The temptation of writing shell scripts, illustrated
It's an article of faith in many quarters that you shouldn't write anything much as a shell script and should instead use a proper programming language. I generally agree with this in theory, but recently I went through a great experience of why this doesn't necessarily work out for me in practice, as I wrote (and then rewrote) a shell script that really should be a program in, say, Python.
A systemd-based Linux system can be set to track how much memory is being used by each logged in user and by system services, and we configure many of our machines to do so. Systemd calls this MemoryAccounting and it's actually implemented using Linux cgroup memory accounting (there's also the cgroups v1 memory accounting). Because it's implemented with cgroups, the actual memory usage is visible under /sys/fs/cgroup and you can read it out directly by looking at various files. Recently we had an incident where I wound up wanting a convenient way to get a nice view of per-user and per-service memory usage, and it occurred to me that I could present this in the style of nice, easily readable disk space usage:
43.7G / 39.5G /u 35.6G /u/<someone> 4.4G /system 1.9G /system/auditd 601.9M /u/cks 277.3M /system/cron 259.0M /system/systemd-journald 89.3M /init [...]
This started out looking very easy. All I had to do was read some files and reported the contents. Well, and humanize the raw number of bytes to make things more readable. And transform the names of the directories where the files were, to give things like '/u/cks' instead of 'user.slice/user-NNN.slice' (which requires looking up the login name for Unix uids). And skip things with no memory usage. And handle both cgroup v1 (used on most of our machines) and cgroup v2 (now used on Ubuntu 22.04). And maybe descend several levels deep into the hierarchy to get interesting details; for instance, users may have multiple sessions with widely differing memory usage. And if we're going to descend several levels deep, perhaps we should skip lower levels that have the same usage as their parent.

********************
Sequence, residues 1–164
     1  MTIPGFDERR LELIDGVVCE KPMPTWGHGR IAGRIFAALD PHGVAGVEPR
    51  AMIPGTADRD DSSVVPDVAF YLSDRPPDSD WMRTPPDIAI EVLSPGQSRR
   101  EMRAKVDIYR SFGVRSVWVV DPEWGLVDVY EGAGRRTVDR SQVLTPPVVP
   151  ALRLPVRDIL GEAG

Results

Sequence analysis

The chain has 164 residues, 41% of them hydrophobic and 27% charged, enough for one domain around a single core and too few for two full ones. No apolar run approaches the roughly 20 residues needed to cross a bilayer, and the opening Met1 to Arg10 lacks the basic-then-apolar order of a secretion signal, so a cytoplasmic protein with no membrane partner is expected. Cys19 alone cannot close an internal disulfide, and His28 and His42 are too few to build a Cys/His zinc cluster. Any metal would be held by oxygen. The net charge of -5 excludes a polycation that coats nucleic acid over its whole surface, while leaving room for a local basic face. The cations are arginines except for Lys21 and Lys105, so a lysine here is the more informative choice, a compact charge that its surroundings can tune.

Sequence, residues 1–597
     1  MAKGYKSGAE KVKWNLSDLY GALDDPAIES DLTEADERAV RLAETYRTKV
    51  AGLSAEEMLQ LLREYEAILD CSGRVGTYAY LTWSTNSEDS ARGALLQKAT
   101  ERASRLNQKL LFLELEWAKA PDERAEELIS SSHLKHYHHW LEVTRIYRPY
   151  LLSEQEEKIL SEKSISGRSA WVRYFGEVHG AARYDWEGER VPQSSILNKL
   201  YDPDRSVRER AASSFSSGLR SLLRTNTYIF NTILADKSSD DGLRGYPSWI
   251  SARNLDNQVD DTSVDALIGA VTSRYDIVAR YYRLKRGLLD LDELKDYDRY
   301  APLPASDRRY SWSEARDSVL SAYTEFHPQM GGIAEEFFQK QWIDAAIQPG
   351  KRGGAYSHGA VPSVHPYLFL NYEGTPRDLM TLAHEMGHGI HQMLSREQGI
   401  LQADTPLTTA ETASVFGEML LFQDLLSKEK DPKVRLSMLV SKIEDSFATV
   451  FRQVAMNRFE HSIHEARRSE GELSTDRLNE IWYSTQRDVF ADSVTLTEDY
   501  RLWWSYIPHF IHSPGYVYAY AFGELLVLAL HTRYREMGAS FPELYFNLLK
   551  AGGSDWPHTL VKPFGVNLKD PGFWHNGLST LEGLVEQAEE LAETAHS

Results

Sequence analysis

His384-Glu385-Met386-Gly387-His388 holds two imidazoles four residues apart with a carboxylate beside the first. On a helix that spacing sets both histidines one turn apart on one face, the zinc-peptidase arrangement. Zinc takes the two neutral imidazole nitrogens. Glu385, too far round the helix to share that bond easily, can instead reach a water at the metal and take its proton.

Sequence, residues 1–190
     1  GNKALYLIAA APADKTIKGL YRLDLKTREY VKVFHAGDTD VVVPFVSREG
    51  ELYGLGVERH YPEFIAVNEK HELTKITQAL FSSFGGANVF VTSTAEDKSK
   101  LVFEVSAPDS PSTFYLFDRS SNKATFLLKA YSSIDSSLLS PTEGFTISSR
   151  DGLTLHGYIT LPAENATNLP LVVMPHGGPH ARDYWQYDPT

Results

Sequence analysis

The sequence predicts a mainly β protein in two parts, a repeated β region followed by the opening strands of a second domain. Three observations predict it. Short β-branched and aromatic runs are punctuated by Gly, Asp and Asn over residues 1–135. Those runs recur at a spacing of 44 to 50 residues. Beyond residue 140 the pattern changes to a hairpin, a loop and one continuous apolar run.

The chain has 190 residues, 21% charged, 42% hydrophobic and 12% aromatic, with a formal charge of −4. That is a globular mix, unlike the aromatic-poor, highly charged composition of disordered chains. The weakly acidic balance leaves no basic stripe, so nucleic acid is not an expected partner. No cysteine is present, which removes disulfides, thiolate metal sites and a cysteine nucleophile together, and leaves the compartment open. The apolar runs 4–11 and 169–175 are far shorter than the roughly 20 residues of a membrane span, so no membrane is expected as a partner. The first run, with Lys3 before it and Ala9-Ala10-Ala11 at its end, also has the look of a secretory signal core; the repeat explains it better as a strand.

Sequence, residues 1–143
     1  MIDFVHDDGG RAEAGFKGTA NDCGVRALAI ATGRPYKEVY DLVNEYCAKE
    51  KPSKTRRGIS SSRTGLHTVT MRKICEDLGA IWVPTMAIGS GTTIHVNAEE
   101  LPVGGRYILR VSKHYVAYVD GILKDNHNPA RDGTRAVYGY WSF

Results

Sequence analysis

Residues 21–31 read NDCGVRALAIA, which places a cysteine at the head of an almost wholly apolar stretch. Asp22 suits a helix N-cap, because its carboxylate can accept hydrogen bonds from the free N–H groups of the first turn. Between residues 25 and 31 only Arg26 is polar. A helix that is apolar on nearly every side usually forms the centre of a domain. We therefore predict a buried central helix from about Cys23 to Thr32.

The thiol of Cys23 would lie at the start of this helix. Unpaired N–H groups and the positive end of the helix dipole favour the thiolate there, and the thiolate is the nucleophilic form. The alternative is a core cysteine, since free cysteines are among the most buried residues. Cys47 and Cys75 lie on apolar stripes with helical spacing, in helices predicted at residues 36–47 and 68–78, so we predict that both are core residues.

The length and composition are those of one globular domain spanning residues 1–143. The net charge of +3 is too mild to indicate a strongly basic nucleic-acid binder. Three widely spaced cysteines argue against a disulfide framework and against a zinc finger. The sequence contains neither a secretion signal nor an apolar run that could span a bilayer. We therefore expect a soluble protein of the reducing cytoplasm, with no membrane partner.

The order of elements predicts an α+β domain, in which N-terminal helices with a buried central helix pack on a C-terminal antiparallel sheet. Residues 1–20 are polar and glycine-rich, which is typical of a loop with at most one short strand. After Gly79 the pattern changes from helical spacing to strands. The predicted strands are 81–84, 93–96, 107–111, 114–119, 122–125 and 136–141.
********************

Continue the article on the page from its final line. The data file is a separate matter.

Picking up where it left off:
However, I didn't start out realizing all of these needs and nice
things right away. I started out with something very simple that
could just give a few easy to get numbers for user.slice, system.slice,
and the root of the hierarchy. Extending that to system slices and
user slices looked simple, and it wasn't too hard to transform UIDs
into login names with the
id command, and so on and so forth as
one issue after another surfaced, including deciding how to look
deeper into bits of the hierarchy. Taken one by one, almost every
issue looked simple to solve on its own in a shell script, but the
end result of putting all of these together is a shell script that
almost certainly would have been easier to write in a programming
My rewrite came when I realized that I could turn the problem of
looking through the hierarchy inside out, by using
find to walk
the entire cgroup hierarchy looking for anything that had memory
usage. This gave me a whole new set of fun name transformation
problems, and also showed another problem of shell scripts, which
is that the result is now too slow because it has to keep invoking
sed and other things on tons of names. But once again, each step
toward the end result looked simple and approachable as just another
bit of shell or sed mangling.
Meanwhile, starting out what felt like a simple thing in Python,
Go, or any of the other alternatives looked like a much bigger
investment of my effort. Python, Go and so on need more structure
and often don't have quite as simple and convenient methods of doing
various shell like things. The problem wasn't obviously too big for
a shell script when I started writing the first bits of what I've
memdu', so I didn't want to go all the way to a Python
program, and anyway shell scripts are more 'lightweight' than Python,
never mind Go. And so I slid into the temptation of shell scripts,
where every individual step looks easy enough but at the end, I
probably would have been better off starting out in something else.
(Hopefully I will take all of this as a learning experience and motivate myself to rewrite the script in Python. But on the other hand, the resulting shell script is working and I'm lazy.)
Comments on this page:Written on 23 April 2022.